Love this picture of our littlest guy from a year ago.
I feel very passionate about encouraging kids to enjoy healthy whole foods. So when considering the options, baby-led weaning was a natural choice for us. We used this method exclusively and very successfully with all three kiddies when they showed signs of readiness at six-months old.
I’m not a ‘nutritionist’, but a Midwife/Mummy. I’ve researched this technique extensively and have previously hosted BLW workshops. Here is my very honest account of the Baby-led weaning process.
Not only is it a great method to encourage self-feeding and healthy eating habits, BLW is great for babies but it’s also very kind on the environment. In the interest of green living, we strive for a zero-waste lifestyle. Preparing and offering wholefoods means there are no jars of baby food, pouches and packets used, and no processed food. There are instead only food scraps which can be composted, placed in the food recycle compost bin or fed to any chickens if you’re lucky enough to have any pecking around in your garden.
I’ve never puréed (I simply don’t know how other mums find the time.) I’ve never spoon-fed and never purchased a jar of baby food. I have however spent hours on my hands and knees picking up scraps and scrubbing the dining room floor (it’s amazing the radius around a high chair which can be covered in food after a meal). And I’ve hand washed endless amounts of clothes and bibs and watched the faces of onlookers in restaurants varying from curiosity to complete horror as my very little people took hold of pizza slices and whole florets of broccoli, and dug their little fingers into handfuls of spaghetti.
Watching the journey of discovery and exploration of flavor and texture is entertainment for the whole family. Theo and Isla thoroughly enjoyed Indi’s first few weeks of eating discovery over a year ago. Giggling with delight when he flung food. ‘Mum! Indi just tossed his broccoli on the rug’ and ‘Mum! Indi just dropped his banana into Daddy’s shoe’. They howled with laughter when he throw his spaghetti and it stuck to the wall. They loved watching him cover himself in hummus and make funny faces as he sampled new foods for the first time.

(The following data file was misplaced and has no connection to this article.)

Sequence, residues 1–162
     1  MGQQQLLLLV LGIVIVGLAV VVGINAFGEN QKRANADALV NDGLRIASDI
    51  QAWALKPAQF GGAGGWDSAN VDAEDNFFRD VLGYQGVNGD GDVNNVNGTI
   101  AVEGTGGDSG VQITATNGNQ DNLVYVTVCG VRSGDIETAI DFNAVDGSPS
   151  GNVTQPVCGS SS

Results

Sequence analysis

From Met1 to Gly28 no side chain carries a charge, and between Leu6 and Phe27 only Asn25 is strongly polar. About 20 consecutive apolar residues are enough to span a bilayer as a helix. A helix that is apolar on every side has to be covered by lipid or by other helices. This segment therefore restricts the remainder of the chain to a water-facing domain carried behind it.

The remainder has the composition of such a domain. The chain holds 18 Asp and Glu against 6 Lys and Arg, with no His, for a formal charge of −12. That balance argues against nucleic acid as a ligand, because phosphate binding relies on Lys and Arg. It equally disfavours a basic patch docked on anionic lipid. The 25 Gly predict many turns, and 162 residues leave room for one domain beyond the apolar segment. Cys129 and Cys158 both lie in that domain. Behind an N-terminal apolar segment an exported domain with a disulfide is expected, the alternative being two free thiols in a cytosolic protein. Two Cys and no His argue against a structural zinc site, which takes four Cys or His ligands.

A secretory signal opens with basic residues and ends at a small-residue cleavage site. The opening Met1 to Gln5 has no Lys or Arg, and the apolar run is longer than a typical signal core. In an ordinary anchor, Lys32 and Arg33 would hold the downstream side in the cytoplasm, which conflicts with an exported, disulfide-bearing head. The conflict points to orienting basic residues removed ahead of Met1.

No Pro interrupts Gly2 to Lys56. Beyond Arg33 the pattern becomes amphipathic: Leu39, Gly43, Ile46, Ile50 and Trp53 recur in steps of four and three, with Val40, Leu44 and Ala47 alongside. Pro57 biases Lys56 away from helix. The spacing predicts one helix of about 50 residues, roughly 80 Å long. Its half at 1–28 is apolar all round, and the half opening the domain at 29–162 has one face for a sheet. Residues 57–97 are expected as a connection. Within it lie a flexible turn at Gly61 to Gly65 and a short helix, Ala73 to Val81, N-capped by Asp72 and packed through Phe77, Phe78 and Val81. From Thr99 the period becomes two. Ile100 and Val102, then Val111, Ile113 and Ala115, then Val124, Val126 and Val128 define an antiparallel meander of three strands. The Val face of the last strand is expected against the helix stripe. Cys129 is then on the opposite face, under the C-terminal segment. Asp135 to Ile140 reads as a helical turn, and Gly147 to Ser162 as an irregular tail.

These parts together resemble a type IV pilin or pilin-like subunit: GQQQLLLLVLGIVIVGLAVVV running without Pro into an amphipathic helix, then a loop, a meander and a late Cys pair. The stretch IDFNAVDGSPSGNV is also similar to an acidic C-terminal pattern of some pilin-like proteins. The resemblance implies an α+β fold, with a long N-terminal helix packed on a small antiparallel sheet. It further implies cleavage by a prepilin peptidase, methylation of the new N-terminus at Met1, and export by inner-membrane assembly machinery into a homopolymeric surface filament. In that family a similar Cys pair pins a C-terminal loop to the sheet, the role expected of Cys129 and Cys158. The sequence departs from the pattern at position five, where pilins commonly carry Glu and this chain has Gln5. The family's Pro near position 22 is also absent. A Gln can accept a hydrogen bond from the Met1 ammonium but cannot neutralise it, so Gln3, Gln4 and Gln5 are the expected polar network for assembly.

This post is not an exhaustive guide. Rather, just enough information, plus a list of great resources to inform and inspire you to research BLW further. Only then can you make an informed decision about whether it’s right for you, your baby and your family.
If you’re even slightly on the OCD side about mess, this might not be for you. Even these pictures might make you anxious. No matter how many precautions you take, food WILL find its way to places you do not desire it to go, and you will, to your horror, realize you’ve trodden in carrot and walked it all around your kitchen, living room and beyond. You will find old, rubbery chunks of vegetables where you least expect them, weeks later. But we wouldn’t have had it any other way.
What is Baby-led weaning
Baby-led weaning (BLW) means forgetting purées and weaning spoons and simply letting your baby feed herself, allowing her to lead the whole process using her instincts and abilities.
Benefits/advantages of Baby-led weaning (why it’s so worth the mess)
It’s enjoyable (eating should be fun right from the beginning)
Babies play an active part in meal times
Babies get to explore food, different texture, colors, flavors and shapes
The baby sits with the rest of the family at mealtimes which allows baby to copy behavior
It’s natural – babies love to explore and experiment, it’s how they learn, they use their hands and mouths to explore
Babies learn to eat safely
It improves dexterity
Appetite control, babies can control the pace at which they eat and decide when they have had enough, this can play a role in preventing obesity
Babies become skilled at dealing with food, chewing and moving food around their mouths
No mealtime battles, the whole family can enjoy stress free meals
BLW means eating out is easier
Disadvantages of Baby-led weaning.